How important is it for us to have secret thought processes? Should we always reveal what we think? These are important questions, with powerful implications, which need thinking through.
Imagine for a moment what would be revealed to others, if there were no secrecy and no censorship of our innermost thoughts. What if all of our private our thoughts were displayed to those around us, if thought bubbles appeared above our heads? How might this affect our lives, our relationships, our world?
The philosopher Hanna Arendt felt that thought involves ‘that silent dialogue between me and myself which since Socrates and Plato we usually call thinking’ (“two-in-one”). In an article entitled ‘Personal Responsibility under Dictatorship II ‘, Arendt underlines the importance of an inner dialogue between two parts of the self, ‘me and myself’, in which issues can be thought through and discussed internally, The two parts need to have agreement, in order for the person to be clear and just in their dealings with others.
What is central to such thinking is the development of an integrated and ‘whole’ personality. In psychoanalytic terms, this means that aspects of the self are not split off, divided from our consciousness. If we are able to achieve this internal integration, then the inner conversation will be an open one, in that the inner arguments can be balanced, with thoughts and ideas freely accessed.
This internal dialogue is an important aspect of thinking with which we can all identify, but perhaps we may not have given it much of our attention. These silent whisperings are a part of everyday life. Sometimes they are not so silent; we have all sub-vocalised, or heard others whispering to themselves, as they work out their thought-processes.
This silent thinking is also powerfully explored in David Lodge’s fine novel Thinks . Lodge’s principal character, Ralph Messenger, professor of cognitive science, is studying human consciousness. Messenger records his own thoughts in a ‘stream of consciousness,’ as a way of researching into ‘the structure of thought.’
In Lodge’s novel, Messenger believes that ‘we can never know for certain what another person is thinking’. We need the secrecy. Messenger’s lover, Helen, underlines the reasons why she will not allow him access to her own secret thoughts ostensibly for his research. She emphasises the importance of privacy and of concealing thoughts to ‘maintain our self-respect’, which she views as ‘essential to civilisation.’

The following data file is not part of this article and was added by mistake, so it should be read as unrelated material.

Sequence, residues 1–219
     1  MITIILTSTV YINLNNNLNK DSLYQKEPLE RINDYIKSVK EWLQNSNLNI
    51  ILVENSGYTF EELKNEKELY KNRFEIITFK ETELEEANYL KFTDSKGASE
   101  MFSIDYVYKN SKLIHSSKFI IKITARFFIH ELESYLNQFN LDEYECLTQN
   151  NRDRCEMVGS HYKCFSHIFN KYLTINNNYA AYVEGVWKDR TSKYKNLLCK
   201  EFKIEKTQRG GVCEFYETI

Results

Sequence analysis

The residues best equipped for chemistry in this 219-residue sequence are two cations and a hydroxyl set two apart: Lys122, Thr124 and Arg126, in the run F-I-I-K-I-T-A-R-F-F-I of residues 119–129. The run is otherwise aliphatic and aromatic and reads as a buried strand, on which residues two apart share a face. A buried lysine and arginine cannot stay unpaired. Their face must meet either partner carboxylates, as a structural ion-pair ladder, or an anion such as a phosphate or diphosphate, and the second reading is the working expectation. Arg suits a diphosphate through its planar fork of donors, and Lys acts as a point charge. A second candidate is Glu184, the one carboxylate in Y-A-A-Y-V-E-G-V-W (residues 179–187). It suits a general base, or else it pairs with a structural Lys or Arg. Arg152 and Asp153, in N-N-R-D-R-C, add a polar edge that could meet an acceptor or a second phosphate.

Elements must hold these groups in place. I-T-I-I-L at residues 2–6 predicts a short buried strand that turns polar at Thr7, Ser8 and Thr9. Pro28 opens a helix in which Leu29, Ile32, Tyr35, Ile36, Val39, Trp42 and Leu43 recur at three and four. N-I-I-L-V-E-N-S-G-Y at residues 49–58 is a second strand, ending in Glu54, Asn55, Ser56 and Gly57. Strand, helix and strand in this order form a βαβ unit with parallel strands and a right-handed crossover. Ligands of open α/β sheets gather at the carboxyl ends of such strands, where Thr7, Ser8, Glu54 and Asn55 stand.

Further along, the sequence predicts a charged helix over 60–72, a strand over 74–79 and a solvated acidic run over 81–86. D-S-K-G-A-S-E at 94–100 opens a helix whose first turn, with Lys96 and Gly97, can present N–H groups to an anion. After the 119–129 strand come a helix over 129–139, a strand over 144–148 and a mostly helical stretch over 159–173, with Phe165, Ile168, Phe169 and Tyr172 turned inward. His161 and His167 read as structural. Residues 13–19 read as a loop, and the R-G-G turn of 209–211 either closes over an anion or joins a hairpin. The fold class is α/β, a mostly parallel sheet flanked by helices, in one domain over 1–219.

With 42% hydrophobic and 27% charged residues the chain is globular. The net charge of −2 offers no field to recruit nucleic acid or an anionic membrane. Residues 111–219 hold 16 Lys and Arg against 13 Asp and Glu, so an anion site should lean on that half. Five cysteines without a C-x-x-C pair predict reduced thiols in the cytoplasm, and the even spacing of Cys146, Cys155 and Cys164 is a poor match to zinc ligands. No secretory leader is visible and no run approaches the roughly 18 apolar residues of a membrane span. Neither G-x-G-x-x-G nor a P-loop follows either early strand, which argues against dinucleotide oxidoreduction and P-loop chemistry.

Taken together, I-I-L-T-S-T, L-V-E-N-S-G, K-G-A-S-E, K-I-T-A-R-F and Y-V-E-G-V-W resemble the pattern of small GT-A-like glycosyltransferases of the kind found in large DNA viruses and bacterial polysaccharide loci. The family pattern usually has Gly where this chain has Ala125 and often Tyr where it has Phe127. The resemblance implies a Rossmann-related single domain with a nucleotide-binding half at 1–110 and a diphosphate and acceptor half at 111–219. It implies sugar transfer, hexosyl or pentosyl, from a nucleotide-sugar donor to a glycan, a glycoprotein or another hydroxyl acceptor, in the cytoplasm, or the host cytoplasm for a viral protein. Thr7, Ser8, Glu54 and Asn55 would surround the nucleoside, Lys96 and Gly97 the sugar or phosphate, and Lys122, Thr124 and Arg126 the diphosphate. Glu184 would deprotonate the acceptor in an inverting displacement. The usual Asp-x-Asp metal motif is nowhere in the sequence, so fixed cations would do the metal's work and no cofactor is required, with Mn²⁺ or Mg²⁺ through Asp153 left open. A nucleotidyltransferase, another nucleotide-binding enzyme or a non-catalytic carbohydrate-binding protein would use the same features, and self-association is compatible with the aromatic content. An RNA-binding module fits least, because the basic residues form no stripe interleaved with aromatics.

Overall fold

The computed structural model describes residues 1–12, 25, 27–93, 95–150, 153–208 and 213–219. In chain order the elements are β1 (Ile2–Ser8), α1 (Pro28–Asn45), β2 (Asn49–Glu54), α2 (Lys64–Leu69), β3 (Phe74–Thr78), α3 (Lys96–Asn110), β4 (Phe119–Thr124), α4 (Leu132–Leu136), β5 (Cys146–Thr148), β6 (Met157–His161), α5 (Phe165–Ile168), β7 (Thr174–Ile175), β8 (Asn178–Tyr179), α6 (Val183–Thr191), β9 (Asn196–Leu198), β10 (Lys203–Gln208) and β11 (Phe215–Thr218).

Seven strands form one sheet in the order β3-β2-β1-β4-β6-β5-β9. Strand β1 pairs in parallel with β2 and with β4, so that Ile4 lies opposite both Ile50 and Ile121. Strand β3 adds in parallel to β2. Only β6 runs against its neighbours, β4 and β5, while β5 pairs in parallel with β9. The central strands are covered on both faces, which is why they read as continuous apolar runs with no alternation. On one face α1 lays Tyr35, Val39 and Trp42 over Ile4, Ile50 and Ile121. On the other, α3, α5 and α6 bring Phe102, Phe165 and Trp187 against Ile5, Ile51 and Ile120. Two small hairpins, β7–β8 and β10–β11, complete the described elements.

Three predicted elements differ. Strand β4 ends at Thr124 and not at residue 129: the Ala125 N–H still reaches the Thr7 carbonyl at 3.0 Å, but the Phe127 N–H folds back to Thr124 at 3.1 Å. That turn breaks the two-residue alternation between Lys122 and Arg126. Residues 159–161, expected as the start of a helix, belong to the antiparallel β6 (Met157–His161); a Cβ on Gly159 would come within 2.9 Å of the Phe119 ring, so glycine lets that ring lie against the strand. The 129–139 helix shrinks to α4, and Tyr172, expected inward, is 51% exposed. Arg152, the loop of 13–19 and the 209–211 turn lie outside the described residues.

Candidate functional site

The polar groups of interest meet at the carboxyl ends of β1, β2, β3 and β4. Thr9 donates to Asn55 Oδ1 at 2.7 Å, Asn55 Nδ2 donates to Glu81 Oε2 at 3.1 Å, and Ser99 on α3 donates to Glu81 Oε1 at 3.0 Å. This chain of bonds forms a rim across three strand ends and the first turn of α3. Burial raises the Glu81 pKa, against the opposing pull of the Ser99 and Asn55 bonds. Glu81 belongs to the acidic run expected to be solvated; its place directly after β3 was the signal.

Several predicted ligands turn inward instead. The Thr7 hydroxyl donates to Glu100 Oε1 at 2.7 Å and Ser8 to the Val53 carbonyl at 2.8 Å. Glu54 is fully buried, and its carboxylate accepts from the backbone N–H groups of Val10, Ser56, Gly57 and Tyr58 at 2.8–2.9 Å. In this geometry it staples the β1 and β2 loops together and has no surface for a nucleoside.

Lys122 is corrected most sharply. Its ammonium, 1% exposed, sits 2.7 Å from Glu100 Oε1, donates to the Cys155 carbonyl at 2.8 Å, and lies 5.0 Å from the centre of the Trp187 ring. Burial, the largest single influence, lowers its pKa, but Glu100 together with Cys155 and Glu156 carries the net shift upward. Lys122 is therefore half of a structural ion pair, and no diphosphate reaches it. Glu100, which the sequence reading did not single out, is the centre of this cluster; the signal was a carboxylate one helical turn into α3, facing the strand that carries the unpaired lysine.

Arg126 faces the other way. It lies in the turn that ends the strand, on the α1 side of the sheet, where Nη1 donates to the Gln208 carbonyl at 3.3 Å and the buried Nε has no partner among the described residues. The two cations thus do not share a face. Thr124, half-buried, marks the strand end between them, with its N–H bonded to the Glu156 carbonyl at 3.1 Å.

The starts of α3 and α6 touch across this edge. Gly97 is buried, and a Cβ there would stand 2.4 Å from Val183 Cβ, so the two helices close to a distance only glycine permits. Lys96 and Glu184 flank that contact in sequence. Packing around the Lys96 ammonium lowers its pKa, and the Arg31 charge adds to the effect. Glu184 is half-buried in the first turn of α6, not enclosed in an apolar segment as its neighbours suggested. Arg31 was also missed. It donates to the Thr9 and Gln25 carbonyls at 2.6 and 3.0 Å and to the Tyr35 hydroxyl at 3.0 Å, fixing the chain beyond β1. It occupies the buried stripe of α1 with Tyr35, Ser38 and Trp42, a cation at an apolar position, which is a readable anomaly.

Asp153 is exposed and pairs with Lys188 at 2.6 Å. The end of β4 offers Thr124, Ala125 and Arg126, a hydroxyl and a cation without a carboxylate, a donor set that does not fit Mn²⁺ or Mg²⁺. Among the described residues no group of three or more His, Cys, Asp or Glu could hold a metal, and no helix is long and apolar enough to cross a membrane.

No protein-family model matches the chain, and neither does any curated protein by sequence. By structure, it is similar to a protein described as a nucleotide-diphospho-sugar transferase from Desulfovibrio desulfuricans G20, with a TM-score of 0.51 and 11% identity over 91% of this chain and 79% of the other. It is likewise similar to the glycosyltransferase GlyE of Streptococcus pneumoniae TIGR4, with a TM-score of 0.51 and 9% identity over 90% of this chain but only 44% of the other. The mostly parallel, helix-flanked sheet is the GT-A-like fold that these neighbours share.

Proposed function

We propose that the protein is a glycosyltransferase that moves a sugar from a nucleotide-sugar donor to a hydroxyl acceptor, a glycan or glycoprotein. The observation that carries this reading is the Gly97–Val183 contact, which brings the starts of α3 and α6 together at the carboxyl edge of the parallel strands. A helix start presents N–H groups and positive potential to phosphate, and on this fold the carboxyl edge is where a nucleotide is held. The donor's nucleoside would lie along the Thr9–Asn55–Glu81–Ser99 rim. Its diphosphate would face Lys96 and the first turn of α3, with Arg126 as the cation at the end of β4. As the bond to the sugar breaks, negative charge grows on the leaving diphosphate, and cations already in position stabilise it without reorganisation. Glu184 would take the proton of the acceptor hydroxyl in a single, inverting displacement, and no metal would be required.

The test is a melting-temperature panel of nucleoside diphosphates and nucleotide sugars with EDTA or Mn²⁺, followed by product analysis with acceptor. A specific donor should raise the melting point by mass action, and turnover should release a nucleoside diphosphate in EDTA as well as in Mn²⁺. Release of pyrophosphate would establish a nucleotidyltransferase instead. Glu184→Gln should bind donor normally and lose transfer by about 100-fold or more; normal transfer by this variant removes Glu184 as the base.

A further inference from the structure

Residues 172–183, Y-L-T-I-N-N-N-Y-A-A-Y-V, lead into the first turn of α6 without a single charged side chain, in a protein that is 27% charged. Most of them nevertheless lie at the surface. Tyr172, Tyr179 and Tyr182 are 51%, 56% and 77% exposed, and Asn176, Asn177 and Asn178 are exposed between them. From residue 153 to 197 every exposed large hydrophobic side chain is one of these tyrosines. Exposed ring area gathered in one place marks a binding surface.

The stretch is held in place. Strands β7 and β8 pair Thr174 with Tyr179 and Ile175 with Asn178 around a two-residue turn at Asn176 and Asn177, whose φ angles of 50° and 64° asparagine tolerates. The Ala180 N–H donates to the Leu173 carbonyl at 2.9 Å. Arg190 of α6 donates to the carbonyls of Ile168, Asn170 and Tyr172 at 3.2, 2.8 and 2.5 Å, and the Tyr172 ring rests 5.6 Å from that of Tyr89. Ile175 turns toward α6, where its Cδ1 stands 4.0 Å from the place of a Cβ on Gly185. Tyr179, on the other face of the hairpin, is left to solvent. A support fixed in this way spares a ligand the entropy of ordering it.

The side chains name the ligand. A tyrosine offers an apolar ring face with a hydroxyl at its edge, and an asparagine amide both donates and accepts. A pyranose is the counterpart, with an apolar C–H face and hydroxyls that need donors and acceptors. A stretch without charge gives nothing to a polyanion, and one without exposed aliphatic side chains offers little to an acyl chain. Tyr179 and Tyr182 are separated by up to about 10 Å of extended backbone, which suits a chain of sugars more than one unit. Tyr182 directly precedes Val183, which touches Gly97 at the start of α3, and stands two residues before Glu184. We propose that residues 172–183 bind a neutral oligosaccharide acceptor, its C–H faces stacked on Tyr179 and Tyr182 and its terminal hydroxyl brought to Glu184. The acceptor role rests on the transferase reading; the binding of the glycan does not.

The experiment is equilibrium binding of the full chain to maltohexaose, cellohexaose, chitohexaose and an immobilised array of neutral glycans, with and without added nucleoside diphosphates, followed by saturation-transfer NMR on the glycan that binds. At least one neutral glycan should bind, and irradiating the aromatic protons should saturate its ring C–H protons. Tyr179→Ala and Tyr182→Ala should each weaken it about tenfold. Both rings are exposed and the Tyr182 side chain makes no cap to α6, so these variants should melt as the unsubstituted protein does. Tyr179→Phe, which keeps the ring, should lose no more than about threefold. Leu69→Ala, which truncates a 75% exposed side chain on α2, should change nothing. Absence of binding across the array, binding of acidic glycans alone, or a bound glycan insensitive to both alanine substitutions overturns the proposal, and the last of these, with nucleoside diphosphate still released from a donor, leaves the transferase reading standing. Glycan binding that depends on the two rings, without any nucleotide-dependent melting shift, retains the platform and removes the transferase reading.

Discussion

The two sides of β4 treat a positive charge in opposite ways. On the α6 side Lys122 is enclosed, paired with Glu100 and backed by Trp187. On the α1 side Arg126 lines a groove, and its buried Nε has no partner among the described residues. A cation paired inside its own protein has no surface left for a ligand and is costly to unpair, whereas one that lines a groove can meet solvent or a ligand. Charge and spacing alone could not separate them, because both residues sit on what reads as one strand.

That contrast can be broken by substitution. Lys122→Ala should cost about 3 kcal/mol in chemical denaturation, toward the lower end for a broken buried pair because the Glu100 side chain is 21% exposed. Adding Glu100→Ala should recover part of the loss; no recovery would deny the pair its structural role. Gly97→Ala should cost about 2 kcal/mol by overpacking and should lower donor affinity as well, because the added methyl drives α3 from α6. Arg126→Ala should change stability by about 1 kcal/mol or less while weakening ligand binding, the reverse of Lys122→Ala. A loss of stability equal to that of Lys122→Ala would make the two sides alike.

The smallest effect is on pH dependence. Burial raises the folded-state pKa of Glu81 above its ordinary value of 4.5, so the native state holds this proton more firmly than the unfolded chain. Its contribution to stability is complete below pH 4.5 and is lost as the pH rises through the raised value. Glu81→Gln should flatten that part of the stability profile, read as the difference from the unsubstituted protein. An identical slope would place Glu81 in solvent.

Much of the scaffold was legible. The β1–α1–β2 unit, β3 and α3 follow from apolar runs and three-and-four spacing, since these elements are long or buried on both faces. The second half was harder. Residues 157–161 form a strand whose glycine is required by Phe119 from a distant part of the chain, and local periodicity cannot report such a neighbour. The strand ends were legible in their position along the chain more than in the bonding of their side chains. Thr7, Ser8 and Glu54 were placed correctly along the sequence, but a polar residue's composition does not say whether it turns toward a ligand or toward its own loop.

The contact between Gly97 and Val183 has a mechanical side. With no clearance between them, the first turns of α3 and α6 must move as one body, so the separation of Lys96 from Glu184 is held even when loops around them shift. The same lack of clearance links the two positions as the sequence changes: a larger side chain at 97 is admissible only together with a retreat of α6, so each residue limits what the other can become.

It is interesting to consider just how central is this secrecy of our thoughts to the maintaining of civilised behaviour in the world. Arendt also regards this private, internal reasoning process as essential to the avoidance of committing evil deeds. Without it, we would act without consideration, without standards, without internally questioning our morality.
Shakespeare has characters in two of his plays utter the phrase that ‘Thought is free’ (The Tempest and Twelfth Night.) This is true. We are free to think whatever we choose. However, freedom of thought is different from freedom of speech. Speaking our thoughts without consideration can be dangerous and hurtful.
We cannot always say what we think if our thoughts are offensive or likely to imperil others. Internal, personal editing, and sometimes censoring the expression of some thoughts is essential. In democratic societies there are often laws that prevent dangerous and criminal thoughts and ideas from being expressed publicly, such as those that involve as racism and sexism. Whilst some people may harbour such thoughts, they cannot be expressed legally in public.
The Russian poet Fyodor Tyutchev, in a poem entitled Silentium, implies that thinking can be dangerous and he counsels us to keep our thoughts to ourselves:
Be silent, hide away and let
your thoughts and longings rise and set
in the deep places of your heart.
We are urged to recognise the impossibility of a thought being expressed clearly and truthfully:
What heart can ever speak its mind?
How can some other understand
the hidden pole that turns your life?
A thought, once spoken, is a lie.
This last line is, indeed thought-provoking. Can we ever understand another’s thoughts, once they are spoken? Or is it better to keep silent, as the poet says?